Having seen neither the film nor the musical, I read the plot summary to help me understand what was going on. The King And I is the story of a Welsh teacher, Anna, who has been employed by the king of Siam to teach his many children (from his many wives). The film tells the story of Anna in her new job. It explores the differences in cultures of her and the king, especially regarding their opposing views on women’s rights. The soundtrack has the same order of the film, which allows the listener to follow the story as they listen.
The regal setting of the film is clear from the first song, the grand and triumphant Main Theme, with its crashing cymbals and powerful brass section. This royal grandeur can be heard throughout the record, for example on March Of The Siamese Children. Traditional Asian sounds and styles also help set the scene.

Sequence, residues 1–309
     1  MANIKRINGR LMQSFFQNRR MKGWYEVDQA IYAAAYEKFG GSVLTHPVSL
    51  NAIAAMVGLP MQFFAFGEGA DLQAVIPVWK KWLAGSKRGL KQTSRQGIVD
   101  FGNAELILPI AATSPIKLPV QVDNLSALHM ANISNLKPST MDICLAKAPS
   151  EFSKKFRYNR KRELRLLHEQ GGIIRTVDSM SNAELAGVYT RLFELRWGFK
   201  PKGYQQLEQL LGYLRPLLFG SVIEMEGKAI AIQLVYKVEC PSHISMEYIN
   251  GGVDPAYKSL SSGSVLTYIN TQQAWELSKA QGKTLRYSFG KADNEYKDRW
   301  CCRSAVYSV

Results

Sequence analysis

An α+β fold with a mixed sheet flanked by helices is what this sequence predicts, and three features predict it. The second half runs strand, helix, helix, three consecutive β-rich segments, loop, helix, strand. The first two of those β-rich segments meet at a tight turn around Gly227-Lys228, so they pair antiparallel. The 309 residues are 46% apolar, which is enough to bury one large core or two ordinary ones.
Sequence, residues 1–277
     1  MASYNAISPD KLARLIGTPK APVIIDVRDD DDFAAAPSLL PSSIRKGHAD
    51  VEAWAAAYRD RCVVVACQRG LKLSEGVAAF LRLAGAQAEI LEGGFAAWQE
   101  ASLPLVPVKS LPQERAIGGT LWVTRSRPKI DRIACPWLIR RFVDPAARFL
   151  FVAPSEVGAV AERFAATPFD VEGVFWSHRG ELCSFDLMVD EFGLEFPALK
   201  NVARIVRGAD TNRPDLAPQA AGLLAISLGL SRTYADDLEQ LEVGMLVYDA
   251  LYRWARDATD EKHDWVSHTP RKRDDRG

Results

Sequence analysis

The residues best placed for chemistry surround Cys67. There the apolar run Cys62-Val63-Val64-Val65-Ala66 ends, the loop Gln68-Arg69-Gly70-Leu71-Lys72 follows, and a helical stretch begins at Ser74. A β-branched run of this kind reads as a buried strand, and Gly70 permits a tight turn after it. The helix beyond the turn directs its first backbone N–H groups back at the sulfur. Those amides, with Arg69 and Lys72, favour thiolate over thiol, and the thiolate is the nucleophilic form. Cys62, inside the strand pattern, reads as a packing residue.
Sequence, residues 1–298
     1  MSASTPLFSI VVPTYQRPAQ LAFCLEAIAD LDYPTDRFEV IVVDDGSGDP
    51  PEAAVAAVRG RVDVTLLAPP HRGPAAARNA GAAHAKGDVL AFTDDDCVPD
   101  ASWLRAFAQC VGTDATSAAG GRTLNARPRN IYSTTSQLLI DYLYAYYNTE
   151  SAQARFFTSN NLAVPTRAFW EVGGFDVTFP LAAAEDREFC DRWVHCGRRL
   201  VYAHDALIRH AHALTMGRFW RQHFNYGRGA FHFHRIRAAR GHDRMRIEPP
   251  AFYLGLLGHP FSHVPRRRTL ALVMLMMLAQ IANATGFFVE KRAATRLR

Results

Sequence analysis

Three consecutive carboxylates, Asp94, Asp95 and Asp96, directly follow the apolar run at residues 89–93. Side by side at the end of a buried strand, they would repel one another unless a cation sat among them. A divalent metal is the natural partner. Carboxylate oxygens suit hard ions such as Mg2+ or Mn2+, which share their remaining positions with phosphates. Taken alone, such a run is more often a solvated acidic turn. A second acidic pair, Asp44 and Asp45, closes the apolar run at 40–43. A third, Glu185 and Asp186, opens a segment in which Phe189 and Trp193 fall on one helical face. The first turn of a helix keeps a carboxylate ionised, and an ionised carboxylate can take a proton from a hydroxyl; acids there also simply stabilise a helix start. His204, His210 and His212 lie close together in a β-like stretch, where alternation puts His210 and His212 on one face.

The opener is followed by the delightful I Whistle A Happy Tune. There are several other sweet, cheery songs on the record, mainly the songs with the children. Getting To Know You is a particular highlight. Anna’s love for the children contrasts with her anger towards the king, which is clear on Shall I Tell You What I Think Of You?.
The main sub-plot of the film is the love story between the king’s newest wife, Tuptim, and Lun Tha, a love which Anna spots in the song Hello, Young Lovers. Tuptim sings beautifully, especially on My Lord and Master, where she tells of her love for Lun Tha. This affair comes to a head on the unusual The Small House Of Uncle Thomas, which is a play performed by Tuptim to the king and honourable guests. At thirteen minutes long, it tells a dramatic tale of a slave Elisa, who escapes King Simon of Legree – the ‘most wicked king in all America’, clearly reflecting Tuptim’s feelings of her own situation.
The emotional Something Wonderful (Finale) is a gorgeous, heartfelt close to the record.
After last week’s ‘dull’ album, this soundtrack is anything but. It is grand, yet delicate; delightful but heartbreaking. An entertainting journey and a beautiful listen.